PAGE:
Disabled teacher forced to quit job wins pay-out
A disabled teacher who resigned after she was moved to a classroom further from the staff room and toilets has been awarded a six-figure pay-out.
Leigh Lewis, who has polyarthritis – simultaneous inflammation of several joints – told an industrial tribunal in Leicester she became ill after being moved and resigned from Meadowvale Primary, in Market Harborough.
The 52-year-old, who is registered disabled, told the hearing the extra walking she had to do at the school in Meadowvale Road made her unable to carry on in her post.
Mrs Lewis took Leicestershire Education Authority (LEA) and the governors of Meadowvale to a tribunal, claiming she had been constructively dismissed and discriminated against because of her disability.
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After a seven-day hearing last year, tribunal chairman Christopher Goodchild has now ruled that Mrs Lewis was constructively unfairly dismissed.
He said: "The governors of Meadowvale Primary failed to make reasonable adjustments and are thereby in breach of the Equality Act 2010.
"But the claimant's claim of direct disability discrimination fails and is dismissed."
Mr Goodchild told the LEA it should carry out an audit of disabled staff at its schools and advised that the governors of Meadowvale have training with regard to disability laws.
Mrs Lewis, a mother-of-two, who lives in a village near Kibworth, told the hearing she had started at the primary school in 2002.
She said she had fulfilled a lifetime ambition by entering the profession and was voted teacher of the year by a local newspaper in 2003.
She was diagnosed with polyarthritis in 2004 and was off work for nearly six months.
When she returned, the head teacher at Meadowvale gave her a disabled parking space, allowed her to work part-time and to be in a classroom near to the staff room and toilets.
That changed when a new head teacher – Kerry Rodger – took over in 2009.
Mrs Lewis said she was moved to a classroom further from the toilets and staff room, despite her warnings about the possible effect on her health.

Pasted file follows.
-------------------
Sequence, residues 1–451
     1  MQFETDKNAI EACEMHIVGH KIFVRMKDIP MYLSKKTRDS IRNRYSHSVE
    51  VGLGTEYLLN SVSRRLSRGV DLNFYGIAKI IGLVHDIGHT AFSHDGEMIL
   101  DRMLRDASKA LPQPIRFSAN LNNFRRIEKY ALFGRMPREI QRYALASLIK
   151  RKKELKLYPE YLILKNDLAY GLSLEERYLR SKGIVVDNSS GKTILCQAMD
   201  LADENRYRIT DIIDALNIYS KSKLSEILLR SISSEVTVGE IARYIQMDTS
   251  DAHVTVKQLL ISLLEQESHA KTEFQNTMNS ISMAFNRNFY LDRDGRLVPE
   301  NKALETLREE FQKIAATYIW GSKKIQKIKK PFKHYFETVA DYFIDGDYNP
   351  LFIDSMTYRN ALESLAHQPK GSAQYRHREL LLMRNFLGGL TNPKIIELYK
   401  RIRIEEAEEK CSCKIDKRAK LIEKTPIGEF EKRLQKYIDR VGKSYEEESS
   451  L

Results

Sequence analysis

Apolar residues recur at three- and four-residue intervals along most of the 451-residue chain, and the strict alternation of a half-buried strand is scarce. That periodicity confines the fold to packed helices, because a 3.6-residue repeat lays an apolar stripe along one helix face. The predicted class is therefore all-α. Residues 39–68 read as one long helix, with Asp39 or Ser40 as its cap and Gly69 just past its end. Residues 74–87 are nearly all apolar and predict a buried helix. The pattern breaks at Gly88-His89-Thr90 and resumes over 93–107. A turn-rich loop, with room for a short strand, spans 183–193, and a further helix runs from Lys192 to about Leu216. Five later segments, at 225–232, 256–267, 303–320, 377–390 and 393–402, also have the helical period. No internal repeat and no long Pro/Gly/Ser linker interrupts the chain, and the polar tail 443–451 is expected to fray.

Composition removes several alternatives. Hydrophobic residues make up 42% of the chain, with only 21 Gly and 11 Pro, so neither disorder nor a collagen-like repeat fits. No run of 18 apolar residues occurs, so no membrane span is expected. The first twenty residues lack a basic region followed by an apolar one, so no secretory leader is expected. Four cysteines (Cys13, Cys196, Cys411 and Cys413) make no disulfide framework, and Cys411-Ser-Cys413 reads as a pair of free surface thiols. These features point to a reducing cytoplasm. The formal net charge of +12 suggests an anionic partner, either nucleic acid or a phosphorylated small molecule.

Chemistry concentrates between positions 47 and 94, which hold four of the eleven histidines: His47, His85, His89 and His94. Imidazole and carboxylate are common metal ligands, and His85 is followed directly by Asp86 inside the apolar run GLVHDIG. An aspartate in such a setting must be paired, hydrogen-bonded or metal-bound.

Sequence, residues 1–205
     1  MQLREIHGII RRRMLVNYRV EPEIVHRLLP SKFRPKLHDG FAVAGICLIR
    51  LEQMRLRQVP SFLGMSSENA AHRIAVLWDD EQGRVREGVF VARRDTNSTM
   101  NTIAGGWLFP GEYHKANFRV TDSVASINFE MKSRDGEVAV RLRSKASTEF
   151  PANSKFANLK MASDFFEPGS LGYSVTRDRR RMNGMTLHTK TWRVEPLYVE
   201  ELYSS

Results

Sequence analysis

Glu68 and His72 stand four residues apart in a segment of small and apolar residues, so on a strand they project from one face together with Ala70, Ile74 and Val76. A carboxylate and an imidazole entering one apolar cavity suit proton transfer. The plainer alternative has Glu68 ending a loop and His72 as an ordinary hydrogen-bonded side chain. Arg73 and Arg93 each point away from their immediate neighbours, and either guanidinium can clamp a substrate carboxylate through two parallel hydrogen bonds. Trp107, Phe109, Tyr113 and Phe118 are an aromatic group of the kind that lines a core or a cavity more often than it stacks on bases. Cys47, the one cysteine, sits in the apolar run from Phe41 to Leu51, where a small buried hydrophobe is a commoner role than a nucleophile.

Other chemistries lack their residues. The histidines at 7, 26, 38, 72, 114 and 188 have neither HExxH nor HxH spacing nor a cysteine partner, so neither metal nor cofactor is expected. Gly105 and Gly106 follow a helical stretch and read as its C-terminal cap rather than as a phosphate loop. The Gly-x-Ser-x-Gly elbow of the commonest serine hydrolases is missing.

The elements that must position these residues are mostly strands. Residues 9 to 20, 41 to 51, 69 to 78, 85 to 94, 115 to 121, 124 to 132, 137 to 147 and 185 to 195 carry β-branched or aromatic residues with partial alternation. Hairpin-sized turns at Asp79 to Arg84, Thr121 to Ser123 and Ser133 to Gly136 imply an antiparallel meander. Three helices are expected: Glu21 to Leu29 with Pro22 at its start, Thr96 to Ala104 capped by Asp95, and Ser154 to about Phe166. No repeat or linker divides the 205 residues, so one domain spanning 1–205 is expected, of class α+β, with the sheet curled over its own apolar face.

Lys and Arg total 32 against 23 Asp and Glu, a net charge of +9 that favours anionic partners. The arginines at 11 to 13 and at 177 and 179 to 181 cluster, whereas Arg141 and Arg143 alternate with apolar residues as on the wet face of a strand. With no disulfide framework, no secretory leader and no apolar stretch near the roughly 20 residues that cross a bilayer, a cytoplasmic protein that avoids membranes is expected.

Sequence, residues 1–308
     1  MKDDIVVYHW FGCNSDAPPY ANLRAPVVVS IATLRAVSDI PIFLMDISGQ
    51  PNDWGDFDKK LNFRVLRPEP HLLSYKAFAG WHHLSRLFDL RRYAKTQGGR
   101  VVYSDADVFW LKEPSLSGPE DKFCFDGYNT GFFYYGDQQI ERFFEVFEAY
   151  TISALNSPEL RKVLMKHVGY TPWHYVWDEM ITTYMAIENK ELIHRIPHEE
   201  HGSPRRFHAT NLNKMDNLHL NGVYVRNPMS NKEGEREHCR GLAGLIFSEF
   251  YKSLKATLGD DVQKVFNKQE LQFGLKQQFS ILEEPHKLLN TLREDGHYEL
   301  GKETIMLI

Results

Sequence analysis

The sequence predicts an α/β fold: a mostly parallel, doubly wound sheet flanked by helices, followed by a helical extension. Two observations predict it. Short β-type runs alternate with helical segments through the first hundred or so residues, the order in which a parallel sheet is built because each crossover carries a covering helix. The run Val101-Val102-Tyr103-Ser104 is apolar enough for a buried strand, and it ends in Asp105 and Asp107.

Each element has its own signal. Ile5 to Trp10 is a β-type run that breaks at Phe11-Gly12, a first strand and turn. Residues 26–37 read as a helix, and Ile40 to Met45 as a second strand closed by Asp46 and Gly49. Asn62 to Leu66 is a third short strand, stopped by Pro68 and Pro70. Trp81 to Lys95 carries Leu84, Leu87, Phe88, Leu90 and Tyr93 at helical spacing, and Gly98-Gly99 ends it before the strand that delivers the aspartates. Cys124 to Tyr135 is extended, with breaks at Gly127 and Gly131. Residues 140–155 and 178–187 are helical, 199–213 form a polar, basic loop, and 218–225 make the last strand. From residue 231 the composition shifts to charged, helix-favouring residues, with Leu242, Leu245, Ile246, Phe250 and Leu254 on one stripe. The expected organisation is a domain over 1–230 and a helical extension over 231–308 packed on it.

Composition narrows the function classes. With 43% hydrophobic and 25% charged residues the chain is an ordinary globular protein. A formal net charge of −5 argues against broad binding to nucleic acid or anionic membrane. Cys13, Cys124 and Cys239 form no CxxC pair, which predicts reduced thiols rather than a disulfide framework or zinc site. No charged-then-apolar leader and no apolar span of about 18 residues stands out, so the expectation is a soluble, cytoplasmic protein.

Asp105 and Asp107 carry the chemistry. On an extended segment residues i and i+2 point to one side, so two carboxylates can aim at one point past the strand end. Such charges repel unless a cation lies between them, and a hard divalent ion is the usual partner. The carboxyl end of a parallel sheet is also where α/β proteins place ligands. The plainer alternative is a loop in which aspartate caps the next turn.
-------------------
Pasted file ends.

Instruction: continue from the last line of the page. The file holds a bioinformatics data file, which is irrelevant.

Mrs Lewis became ill and resigned in September 2010.
Ms Rodger told the hearing she did what she could to accommodate Mrs Lewis and disputed that she had been unfairly dismissed.
After the hearing, Mrs Lewis said: "It is a great feeling to have won.
"It was never really about the money, I just felt that I had been very badly treated and did not want to let it pass by.
"It is very gratifying that the chairman asked the local authority to ensure the governors are properly trained in terms of the needs and requirements of disabled teachers."
After the ruling, a county council spokesman said: "This case relates to a school matter and names Leicestershire County Council as, technically, we are the employer.
"Day-to-day management of staff is the responsibility of the head teacher and the governing body and the council has very few powers to intervene in this.
"Following the hearing, the council is updating its records of disabled workers at schools and is advising the governing body at Meadowdale to undergo training."
David Scott, chairman of governors at Meadowvale, said: "While the governors were not involved in the tribunal proceedings we are disappointed with the findings as we take the subject of equality extremely seriously.
"For the benefit of all concerned and most importantly the children of Meadowvale, I hope that we can now all move on and I wish Mrs Lewis every success in the future."
Ms Rodger declined to comment
Mrs Lewis is teaching part-time at another primary school.